Send to

Choose Destination
J Pain Res. 2018 Sep 20;11:1949-1957. doi: 10.2147/JPR.S164904. eCollection 2018.

Effects of whole-body electromyostimulation on chronic nonspecific low back pain in adults: a randomized controlled study.

Author information

Institute of Medical Physics, Friedrich-Alexander University of Erlangen, Erlangen, Germany,
Department of Sports Science, University of Kaiserslautern, Kaiserslautern, Germany.
Institute of Training Science and Sport Informatics, German Sport University Cologne, Cologne, Germany.
Department of Medical and Life Sciences University of Furtwangen, Villingen-Schwenningen, Germany.



Low back pain (LBP) is one of the most frequent chronic conditions worldwide. Data from a recent meta-analysis indicated that whole-body electromyostimulation (WB-EMS), a time-effective, joint-friendly, and highly individualized training technology, demonstrated promising effects on LBP; however, methodologic limitations prevent definitive evidence for this result. Thus, the aim of this study was to conduct a randomized controlled WB-EMS trial to determine the corresponding effect on chronic, nonspecific LBP in people with chronic LBP.

Patients and methods:

Thirty LBP patients, 40-70 years old, were randomly assigned into two groups (WB-EMS: 15; control [CG]: 15). While the nonactive CG maintained their lifestyle, the WB-EMS group completed a 12-week WB-EMS protocol (1×20 min/week) with slight movements, specifically dedicated to LBP. Pain intensity and frequency were determined by a 4-week pain diary before and during the last 4 weeks of intervention. Primary study endpoint was average pain intensity at the lumbar spine.


At baseline, no group differences apart from nonregular exercise were observed. Mean intensity of LBP decreased significantly in the WB-EMS group (P=0.002) and remained unchanged in the CG (P=0.730), with a significant difference between both groups (P=0.027). Maximum isometric trunk extensors improved significantly in the WB-EMS group (P=0.005), while no significant difference was seen in the CG (P=0.683). In contrast to the significant difference between WB-EMS group and CG for the latter parameter (P=0.038), no intergroup difference was determined for maximum isometric trunk flexors (P=0.091). The WB-EMS group showed a significant increase of this parameter (P=0.003), while no significant change was determined in the CG (P=0.563).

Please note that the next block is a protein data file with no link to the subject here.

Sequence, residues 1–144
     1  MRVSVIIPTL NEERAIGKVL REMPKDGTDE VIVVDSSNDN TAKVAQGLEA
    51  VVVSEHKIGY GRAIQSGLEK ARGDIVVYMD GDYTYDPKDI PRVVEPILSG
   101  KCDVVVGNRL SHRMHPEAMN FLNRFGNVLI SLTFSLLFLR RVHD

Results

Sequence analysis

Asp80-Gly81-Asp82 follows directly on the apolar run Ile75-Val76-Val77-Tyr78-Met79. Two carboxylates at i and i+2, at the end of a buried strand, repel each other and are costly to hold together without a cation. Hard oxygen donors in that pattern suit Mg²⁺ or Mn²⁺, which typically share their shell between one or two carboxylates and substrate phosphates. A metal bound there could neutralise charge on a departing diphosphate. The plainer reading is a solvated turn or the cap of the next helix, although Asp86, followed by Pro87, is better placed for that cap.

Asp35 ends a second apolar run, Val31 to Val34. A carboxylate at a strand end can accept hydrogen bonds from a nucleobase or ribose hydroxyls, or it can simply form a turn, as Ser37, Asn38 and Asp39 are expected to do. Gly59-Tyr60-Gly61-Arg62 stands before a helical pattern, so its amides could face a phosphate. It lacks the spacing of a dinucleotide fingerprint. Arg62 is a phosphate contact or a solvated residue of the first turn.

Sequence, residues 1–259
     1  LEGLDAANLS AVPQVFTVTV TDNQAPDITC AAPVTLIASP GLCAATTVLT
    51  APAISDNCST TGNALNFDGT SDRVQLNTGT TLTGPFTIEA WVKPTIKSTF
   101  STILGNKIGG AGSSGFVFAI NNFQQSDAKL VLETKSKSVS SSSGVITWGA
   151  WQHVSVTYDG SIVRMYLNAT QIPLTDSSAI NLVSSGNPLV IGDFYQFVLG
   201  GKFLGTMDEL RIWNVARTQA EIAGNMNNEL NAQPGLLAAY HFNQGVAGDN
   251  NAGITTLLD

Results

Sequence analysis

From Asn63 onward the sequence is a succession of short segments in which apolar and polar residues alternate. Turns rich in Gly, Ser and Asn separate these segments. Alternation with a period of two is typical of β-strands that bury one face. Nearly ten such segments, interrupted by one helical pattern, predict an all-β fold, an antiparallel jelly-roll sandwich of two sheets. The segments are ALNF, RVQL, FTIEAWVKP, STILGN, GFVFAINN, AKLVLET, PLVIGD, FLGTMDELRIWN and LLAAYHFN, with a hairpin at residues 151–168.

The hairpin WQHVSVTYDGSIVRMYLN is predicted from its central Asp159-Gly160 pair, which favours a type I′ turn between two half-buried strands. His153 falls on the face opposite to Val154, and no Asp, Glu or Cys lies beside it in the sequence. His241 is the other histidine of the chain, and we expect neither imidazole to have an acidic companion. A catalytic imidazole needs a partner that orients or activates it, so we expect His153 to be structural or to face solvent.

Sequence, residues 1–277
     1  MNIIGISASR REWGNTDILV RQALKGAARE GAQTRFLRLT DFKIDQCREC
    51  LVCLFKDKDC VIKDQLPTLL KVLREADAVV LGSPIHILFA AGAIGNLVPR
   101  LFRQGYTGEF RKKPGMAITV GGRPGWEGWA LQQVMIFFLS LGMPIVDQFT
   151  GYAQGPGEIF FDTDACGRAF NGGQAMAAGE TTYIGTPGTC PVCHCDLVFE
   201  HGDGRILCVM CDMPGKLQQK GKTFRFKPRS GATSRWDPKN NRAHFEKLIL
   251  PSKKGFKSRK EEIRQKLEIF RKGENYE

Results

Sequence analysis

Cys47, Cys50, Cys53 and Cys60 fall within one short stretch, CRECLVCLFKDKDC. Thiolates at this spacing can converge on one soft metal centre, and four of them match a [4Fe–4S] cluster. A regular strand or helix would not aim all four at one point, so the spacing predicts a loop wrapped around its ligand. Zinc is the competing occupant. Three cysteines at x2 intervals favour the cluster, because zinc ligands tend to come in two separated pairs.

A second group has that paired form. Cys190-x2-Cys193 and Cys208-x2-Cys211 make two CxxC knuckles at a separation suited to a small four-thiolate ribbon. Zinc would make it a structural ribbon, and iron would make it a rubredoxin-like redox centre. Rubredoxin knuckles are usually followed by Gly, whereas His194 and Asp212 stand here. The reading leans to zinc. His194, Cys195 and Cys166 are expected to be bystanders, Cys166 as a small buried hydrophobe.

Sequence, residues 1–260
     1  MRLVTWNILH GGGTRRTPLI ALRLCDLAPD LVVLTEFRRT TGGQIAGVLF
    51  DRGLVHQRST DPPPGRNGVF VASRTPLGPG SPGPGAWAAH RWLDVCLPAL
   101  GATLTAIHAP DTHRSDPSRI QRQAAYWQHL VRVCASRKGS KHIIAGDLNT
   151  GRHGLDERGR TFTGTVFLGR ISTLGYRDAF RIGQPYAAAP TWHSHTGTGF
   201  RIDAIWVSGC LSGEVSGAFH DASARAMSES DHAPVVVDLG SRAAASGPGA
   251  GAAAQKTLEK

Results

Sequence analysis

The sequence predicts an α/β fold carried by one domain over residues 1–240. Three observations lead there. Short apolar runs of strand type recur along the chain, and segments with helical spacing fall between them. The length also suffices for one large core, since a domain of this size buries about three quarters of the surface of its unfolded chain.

WB-EMS is a time-effective training method for reducing chronic nonspecific LBP and increasing maximum trunk strength in people with such complaints. After this promising comparison with a nonactive CG, research needs to be extended to include comparisons with active groups (WB-Vibration, conventional back strengthening).


EMS; LBP; electrical muscle stimulation; electrical stimulation; muscle strength; pain intensity

Conflict of interest statement

Disclosure The authors report no conflicts of interest in this work.

Supplemental Content

Full text links

Icon for Dove Medical Press Icon for PubMed Central
Loading ...
Support Center